For a continuous function $f:\Bbb R\to\Bbb R,$ let $Z(f)=\{x\in\Bbb R: f(x) = 0\}.$ Prove that $Z(f)$ is always closed.

I considered three cases.

The first case is when $Z(f)$ is empty, and then the claim is vacuously true.

The second case, is when $Z(f)$ has a finite number of elements and then also the claim is valid.

The third case, is when $Z(f)$ has an infinite number of elements. This is the part, where I am stuck. I did not have any idea on how to show that $Z(f)$ is closed.

Then searching through some books, I found a theorem as follows:

A function $f:\Bbb R\to\Bbb R$ is continuous on $\Bbb R$ if and only if for any $F\subseteq \Bbb R$ we have, $f^{-1}(F)$ is closed in whenever $F$ is closed in $\Bbb R.$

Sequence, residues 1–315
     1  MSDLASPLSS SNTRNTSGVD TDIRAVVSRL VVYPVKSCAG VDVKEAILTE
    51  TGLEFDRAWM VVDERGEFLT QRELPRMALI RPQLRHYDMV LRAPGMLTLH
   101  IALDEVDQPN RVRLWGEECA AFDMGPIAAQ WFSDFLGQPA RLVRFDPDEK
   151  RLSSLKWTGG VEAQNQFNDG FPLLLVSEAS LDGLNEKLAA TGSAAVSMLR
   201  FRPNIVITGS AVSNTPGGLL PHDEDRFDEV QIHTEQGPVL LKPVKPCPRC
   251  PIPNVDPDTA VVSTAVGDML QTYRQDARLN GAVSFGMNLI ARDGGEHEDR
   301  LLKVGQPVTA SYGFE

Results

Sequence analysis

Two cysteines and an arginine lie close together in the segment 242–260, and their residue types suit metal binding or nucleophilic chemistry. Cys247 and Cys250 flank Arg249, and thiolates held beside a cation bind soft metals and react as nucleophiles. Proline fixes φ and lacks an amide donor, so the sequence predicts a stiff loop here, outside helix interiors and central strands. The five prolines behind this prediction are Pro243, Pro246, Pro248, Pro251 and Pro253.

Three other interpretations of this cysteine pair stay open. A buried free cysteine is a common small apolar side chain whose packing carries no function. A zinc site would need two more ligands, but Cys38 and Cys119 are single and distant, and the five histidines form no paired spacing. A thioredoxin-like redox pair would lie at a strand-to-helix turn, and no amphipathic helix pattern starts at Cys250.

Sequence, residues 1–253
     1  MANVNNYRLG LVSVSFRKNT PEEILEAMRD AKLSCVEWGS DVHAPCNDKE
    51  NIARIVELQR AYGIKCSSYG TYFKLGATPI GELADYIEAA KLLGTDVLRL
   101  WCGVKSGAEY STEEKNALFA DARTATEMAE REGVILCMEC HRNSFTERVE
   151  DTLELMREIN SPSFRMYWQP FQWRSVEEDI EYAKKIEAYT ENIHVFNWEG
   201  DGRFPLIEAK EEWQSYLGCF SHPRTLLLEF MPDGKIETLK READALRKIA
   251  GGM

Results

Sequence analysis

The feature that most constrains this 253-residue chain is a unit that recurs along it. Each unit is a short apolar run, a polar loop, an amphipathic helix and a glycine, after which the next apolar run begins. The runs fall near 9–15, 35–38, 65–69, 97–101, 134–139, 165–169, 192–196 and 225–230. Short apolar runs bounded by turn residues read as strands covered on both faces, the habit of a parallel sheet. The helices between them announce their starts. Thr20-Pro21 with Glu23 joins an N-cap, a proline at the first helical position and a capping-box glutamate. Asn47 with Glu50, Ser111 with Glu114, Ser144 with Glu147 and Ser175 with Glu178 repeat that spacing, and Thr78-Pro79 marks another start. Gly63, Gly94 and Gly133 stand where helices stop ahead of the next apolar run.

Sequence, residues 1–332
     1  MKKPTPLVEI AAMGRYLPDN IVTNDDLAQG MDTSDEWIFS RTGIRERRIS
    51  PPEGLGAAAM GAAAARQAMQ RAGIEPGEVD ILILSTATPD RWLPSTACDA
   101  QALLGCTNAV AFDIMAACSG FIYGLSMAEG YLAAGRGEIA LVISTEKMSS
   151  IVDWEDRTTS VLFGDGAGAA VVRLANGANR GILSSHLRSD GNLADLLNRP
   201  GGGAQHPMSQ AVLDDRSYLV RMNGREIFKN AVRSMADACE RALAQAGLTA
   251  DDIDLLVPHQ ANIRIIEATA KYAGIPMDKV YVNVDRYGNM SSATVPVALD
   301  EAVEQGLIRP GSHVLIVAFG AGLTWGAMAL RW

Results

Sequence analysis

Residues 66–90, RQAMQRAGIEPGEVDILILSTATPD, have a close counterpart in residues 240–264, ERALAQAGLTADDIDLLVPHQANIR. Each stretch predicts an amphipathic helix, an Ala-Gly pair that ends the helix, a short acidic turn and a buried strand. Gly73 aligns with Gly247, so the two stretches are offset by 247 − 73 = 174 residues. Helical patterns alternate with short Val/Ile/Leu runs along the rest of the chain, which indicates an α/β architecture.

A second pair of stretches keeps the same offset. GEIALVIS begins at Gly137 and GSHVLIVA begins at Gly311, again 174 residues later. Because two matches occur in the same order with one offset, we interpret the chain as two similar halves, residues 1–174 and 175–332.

In this case, $F=\{0\}\subseteq \Bbb R$ is closed and hence, $f^{-1}(F)=f^{-1}(\{0\})=Z(f)$ is closed in $\Bbb R$ since, $f$ is continuous on $\Bbb R.$

Is my solution valid? I am having some doubts over it.


1 Answer 1


Yes, your solution is valid. In many intro analysis texts, it is standard to define $f$ as being a continuous map iff $f^{-1}(U)$ is open for every open set $U$ (I'll leave it to you to verify that this definition is equivalent to the ordinary $\epsilon$/$\delta$ definition). As a direct consequence, if $F$ is any closed set $f^{-1}(F)$ is closed.

Here is a hint for your third case, when $Z(f)$ has infinitely many elements: show that for any converging sequence $\{x_n\}$ of elements of $Z(f)$, then $f(\lim_n x_n) = 0$.


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